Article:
When old patterns get in the way of happiness

Something interesting happened yesterday. I was engaged in a discussion in a social media forum. I had posed a question about NLP and someone had made a good attempt at answering it.

Here’s what happened next….

I responded having scan read the answer. I intended to be encouraging and at the same time I wanted the person to stretch a little more.

Another trainer then made a comment that I took as a criticism. I made what I thought was a healthy response that avoided creating more problems. The trainer then answered more fully due to my prompting.

I reflected on the thread and here is my thought process.

“I’ve stuffed up! I read the first answer too quickly and responded too quickly. It means my response makes it look like I don’t understand the process”

This is just a sample of my internal dialogue. For those of you familiar with Transactional Analysis you may have already noticed some driver behaviour and some mini-script indicators. My original behaviours were carried out in a Hurry Up way which then opened the door for me to beat myself up from my Be Perfect driver!

Luckily I was able to spot what was happening even though it took me until 2am to become full self-aware again.

So how do you handle old patterns interrupting your happiness?

Here is what I did. At 2am this morning I realised my internal dialogue was preventing me from sleeping and I was running my mini-script. In other words I was not seeing myself as okay because in my perception I had made a mistake.

So I picked up my journal and wrote out my thoughts and feelings using this to get some distance and perspective. I went “meta” to my own process (NLP term) which could be described as observing myself by taking a step back. This allowed me to realise what I was doing. IMG_4054_  perception pigeon edited-1_edited-1

Having done that I went to sleep.

This morning I reviewed the thread. Looking at the other trainer’s comments I can now see they were not really critical at me but pointing out some important distinctions. I have prepared a response now that acknowledges and thanks the other trainer. I have clarified my own points and owned up to my process.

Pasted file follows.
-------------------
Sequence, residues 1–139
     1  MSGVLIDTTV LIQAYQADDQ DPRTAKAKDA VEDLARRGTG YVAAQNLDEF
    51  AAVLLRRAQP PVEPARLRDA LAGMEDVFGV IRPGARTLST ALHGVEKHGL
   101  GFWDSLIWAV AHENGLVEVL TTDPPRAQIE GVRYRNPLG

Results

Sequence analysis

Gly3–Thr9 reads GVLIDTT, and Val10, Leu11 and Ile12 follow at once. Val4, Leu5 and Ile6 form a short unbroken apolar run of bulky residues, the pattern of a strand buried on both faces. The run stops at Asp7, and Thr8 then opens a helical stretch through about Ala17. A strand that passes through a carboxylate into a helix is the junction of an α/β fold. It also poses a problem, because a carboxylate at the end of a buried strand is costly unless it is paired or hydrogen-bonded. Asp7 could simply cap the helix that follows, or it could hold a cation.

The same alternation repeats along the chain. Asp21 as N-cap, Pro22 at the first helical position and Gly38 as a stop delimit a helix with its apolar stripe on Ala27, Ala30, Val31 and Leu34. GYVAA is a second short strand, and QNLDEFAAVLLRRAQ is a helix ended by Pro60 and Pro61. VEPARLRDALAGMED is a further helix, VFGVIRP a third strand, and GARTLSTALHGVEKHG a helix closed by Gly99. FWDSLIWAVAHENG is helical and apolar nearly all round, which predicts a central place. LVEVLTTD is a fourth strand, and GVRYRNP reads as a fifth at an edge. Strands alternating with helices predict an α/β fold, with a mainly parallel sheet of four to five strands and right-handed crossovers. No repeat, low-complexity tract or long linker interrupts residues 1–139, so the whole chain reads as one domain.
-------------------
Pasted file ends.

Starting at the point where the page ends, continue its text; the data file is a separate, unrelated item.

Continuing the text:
I have not yet posted it as I have decided to run it past my coaching supervisor first who is also a TA expert. By doing this I can make sure I am not adding to or inviting a psychological game.

I chose to share this so that you could see how I manage my own process as I think it can sometimes be useful to know what other people do to manage their happiness.

If you are reading this while in a very challenging place in your life remember it is okay to ask for help if following my process is not enough to break the pattern. There are many amazing coaches and counsellors out there.

I’ve used a lot of jargon in this blog so please let me know if you want more clarification. One of the modules on my Association For Coaching recognised course, Psychological Approaches to Coaching is based on using TA in Coaching or you could read the excellent book by Julie Hay, Working it out at work.

 

About Melody @ GWizlearning

Melody spent fourteen years gathering experience of the business world working in banking, telecommunications and the public sector before co-founding The GWiz Learning Partnership in 1993. Melody has a Masters Degree in Applied Positive Psychology, a degree in Psychology and a diploma in Psychotherapy. She is an NLP Master Trainer which allows her to run NLP Practitioner, NLP Master Practitioner and NLP Trainer Training courses certified by the Positive School of Intrinsic Neuro-Linguistc Psychology. She is also a qualified Myers Briggs practitioner and EI practitioner and added to all this is five years Transactional Analysis training, meaning she is able to help organisations access the hidden potential in their staff. She is also in demand for her work in transforming average or even troubled teams into high performers. Melody is a visiting lecturer at University of East London, teaching "Wellbeing and Positive Psychology" to undergraduates. Additionally, she is a member of the CIPD and is ILM accredited. Melody's interests are many and varied. She has a keen interest in personal development, canine and wolf psychology, conservation, movies and running. She also enjoys western horse riding, walking the GWiz dogs, nature watching and stage combat (particularly sword fighting).
This entry was posted in Happiness, Transactional analysis and tagged , , , , , , , , , . Bookmark the permalink.

Leave a Reply

Fill in your details below or click an icon to log in:

WordPress.com Logo

You are commenting using your WordPress.com account. Log Out / Change )

Twitter picture

You are commenting using your Twitter account. Log Out / Change )

Facebook photo

You are commenting using your Facebook account. Log Out / Change )

Google+ photo

You are commenting using your Google+ account. Log Out / Change )

Connecting to %s